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Your biggest worry about CfE

Discussion in 'Scotland - education news' started by bigjimmy2, Feb 2, 2016.

  1. bigjimmy2

    bigjimmy2 Lead commenter

    For me it's simply the decline in standards across the board, educationally and psychologically.
    We are now teaching secure and confident individuals (etc) for sure, but that security and confidence (etc) is built on very shaky foundations indeed.
    I, personally, am seeing more and more incapable pupils who just can't do anything for themselves.

    In my opinion CfE's legacy is going to be horrific for far too many pupils.
    Alternatively, has my doom'n'gloom attitude always been there amongst teachers?
     
    Alice K likes this.
  2. jonowen

    jonowen Occasional commenter

    I think the tide will turn Jim and maybe sooner than we think (parent power is growing stronger and that can only help us). Teachers always are doom+gloom as we want out wee kiddies to do better - teachers who don't care should be kicked out, so keep on with the doom+gloom!!
     
    Alice K and bigjimmy2 like this.
  3. bigjimmy2

    bigjimmy2 Lead commenter

    Jon, "out wee kiddies"? Surely shum mishtake?!
     
  4. Flere-Imsaho

    Flere-Imsaho Star commenter

    People always hate the new curriculum/exams.
    N4 needs to change and my biggest concern is that we're dumping kids in N4 so that schools can boast about 100% pass rates at N5.
     
    bigjimmy2 likes this.
  5. Marisha

    Marisha Established commenter

    We have the opposite - kids getting pushed up to N5 when they have no hope of a pass, because SLT hopes they'll somehow scrape a D and boost the school's overall points.
     
    bigjimmy2 likes this.
  6. bigjimmy2

    bigjimmy2 Lead commenter

    In August we had a number of pupils complaining (god forbid) that they were doing N4, supported by a few parents who took the attitude of how dare my offspring be doing a diddy course.

    I even had one pupil whose parents insisted that he be moved out of my largely N4 class because he was "far too good" for that class - he got a grand total of 26% in the recent prelim. This means that he would have to improve his marks by over half just to scrape a D.

    Others got as much as 4%.

    CfE is working in the respect that we have confident pupils. Confident but thick. Twas always thus.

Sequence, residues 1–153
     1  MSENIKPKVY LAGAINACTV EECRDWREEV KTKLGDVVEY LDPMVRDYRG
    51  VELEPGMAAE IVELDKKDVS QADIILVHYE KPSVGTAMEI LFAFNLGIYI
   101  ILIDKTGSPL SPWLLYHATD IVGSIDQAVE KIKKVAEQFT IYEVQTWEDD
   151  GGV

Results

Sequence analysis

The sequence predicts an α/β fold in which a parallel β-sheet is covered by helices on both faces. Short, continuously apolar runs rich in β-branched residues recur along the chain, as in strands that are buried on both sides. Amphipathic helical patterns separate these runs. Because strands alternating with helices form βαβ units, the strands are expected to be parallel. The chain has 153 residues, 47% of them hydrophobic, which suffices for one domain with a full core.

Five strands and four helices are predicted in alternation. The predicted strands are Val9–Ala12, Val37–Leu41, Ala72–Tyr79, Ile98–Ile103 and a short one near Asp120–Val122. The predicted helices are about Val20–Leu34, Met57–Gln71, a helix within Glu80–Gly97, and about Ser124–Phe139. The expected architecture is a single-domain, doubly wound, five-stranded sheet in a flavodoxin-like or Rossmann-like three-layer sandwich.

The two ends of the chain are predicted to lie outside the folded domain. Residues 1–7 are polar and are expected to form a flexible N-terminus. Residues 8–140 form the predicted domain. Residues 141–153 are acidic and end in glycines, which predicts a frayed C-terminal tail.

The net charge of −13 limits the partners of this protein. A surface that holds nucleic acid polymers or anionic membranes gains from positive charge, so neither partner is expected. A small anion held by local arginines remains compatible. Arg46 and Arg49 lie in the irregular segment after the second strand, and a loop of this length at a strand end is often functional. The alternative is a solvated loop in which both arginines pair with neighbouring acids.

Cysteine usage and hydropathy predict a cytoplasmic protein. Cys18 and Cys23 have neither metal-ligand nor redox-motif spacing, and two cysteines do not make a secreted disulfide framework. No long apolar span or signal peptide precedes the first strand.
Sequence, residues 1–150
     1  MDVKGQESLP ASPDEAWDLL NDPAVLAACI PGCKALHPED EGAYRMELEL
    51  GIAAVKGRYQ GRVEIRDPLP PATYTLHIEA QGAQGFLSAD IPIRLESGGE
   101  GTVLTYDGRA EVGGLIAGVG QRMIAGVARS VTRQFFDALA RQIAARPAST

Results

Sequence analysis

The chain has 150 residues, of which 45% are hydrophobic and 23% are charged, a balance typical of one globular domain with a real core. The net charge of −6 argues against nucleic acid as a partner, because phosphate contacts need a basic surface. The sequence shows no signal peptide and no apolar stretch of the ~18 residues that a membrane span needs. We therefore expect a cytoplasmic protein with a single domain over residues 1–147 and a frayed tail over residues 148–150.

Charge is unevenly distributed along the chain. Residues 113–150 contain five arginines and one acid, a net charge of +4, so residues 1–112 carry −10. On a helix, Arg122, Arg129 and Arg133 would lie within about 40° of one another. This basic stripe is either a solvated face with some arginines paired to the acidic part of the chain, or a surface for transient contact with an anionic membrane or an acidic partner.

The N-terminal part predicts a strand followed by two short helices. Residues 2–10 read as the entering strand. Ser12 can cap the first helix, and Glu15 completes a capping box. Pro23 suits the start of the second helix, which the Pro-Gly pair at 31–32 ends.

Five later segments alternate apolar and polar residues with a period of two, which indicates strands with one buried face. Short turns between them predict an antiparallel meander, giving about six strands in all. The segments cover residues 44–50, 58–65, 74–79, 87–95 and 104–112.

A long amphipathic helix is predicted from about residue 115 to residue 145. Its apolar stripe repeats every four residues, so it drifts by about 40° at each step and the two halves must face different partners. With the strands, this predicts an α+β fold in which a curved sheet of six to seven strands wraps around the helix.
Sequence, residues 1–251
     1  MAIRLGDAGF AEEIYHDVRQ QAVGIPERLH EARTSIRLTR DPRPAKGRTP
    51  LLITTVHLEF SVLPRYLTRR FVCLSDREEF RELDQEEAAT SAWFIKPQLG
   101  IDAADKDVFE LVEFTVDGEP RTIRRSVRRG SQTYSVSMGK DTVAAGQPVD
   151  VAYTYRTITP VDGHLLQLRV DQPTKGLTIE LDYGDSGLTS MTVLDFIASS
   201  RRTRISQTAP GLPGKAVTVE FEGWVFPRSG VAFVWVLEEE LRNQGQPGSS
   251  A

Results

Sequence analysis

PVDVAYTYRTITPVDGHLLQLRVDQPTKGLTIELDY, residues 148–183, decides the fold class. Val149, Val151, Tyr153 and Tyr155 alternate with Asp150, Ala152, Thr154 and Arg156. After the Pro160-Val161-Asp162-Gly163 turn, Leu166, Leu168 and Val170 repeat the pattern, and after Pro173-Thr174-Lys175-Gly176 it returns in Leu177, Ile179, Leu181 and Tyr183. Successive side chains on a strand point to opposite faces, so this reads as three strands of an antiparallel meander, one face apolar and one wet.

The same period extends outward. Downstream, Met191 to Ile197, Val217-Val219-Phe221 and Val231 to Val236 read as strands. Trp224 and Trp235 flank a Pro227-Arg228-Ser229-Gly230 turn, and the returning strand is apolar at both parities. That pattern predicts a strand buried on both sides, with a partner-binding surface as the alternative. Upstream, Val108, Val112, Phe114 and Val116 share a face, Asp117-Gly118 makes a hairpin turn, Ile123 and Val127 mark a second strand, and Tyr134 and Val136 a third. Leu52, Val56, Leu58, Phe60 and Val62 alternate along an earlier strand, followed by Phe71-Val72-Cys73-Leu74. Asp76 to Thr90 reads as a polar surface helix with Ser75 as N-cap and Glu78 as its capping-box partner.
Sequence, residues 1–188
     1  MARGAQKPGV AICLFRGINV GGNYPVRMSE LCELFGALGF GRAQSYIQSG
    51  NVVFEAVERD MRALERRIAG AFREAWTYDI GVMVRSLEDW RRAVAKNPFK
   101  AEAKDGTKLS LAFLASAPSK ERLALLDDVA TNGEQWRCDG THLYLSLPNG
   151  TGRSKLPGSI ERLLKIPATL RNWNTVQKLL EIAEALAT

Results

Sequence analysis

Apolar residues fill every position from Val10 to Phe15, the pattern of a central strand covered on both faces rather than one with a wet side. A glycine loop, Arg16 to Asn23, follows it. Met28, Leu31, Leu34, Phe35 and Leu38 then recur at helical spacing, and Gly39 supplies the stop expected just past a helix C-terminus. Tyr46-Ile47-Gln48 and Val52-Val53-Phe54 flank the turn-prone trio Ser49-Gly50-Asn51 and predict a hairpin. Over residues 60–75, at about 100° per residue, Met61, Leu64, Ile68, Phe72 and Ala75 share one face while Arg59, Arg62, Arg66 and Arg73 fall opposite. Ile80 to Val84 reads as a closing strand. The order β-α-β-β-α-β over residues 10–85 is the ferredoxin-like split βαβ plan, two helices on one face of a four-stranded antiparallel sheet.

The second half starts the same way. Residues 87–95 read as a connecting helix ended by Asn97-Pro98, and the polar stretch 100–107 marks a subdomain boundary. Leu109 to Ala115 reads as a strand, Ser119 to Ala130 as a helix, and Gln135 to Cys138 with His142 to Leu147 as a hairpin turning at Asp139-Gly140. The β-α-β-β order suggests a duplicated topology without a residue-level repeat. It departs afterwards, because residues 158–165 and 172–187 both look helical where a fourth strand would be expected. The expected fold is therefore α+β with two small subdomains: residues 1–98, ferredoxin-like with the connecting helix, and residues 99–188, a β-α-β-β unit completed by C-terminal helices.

Moderation in Moderation.
     
    Potatoes005 likes this.
  7. subman68

    subman68 Occasional commenter

    I have a real issue with the number of subjects without a meaningful exam.
    PE, Music, Admin, Tech, Drama you can almost have passed without any formal exam, in fact some do not feature in the May exam diet. What we now have is teachers dragging, pushing, pulling kids through the coursework and they end up with a pass. The teacher is under pressure to get good N5 results and they do. (read freakenomics to see why teachers cheat)
    We are then left with a bunch of kids with N5 passes but not the skills, they have nowhere to go but into the higher course. Teachers are then left with pupils that do not have the capacity or skill to work/study and it is then somehow the teachers fault that these kids are failing. it is a sick joke.
     
    Potatoes005 likes this.
  8. bigjimmy2

    bigjimmy2 Lead commenter

    Agreed.

    Would have gone from SG to Int2.

    Now we have N5 Grade Ds doing Higher and when we point out to "management" that a lot of such pupils are clearly incapable of doing Higher they just tell you get on with it, with patronising comments like "see how they do".

    Then your behaviour management skills are called into question when one of these pupils tells you to "***** off"* when you ask them for their homework.

    * I'll get into trouble with big Rosaline again for disguising a wee sweary. Ach well.

    Moderation in Moderation.
     
    Last edited by a moderator: Feb 24, 2016
    Potatoes005 likes this.
  9. brothermunro

    brothermunro Occasional commenter

    I 'recommend', strongly in some cases, that pupils with shocking marks in the lower school pick something else that they might actually get a Nat 5 in. As for moving onto higher I 'recommend' a minimum B in my subject and maths. Same for Advanced Higher. If SMT do question my guidance I will point to those few who have insisted on getting on a course or sitting the exam (instead of just getting a Nat 4) and still failed miserably.
     
  10. Flere-Imsaho

    Flere-Imsaho Star commenter

    When did a D start counting as a pass? Yet again, it's due to the woeful inadequacy of N4 to sufficiently cover the range of ability for those who cannot pass (A-C) N5.
     
    bigjimmy2 likes this.
  11. bigjimmy2

    bigjimmy2 Lead commenter

    A "D" is less than 50% so if you get less than 50% you've learned less than half of what you've been taught. That's why I consider "D" to be a fail. I tell my pupils that as well.

    I wrote elsewhere that N5 Grade Ds are doing Higher and utterly messing it up because it's far beyond them: an educational disgrace.
     
  12. brothermunro

    brothermunro Occasional commenter

    I would be quite happy if they got rid of D's
     

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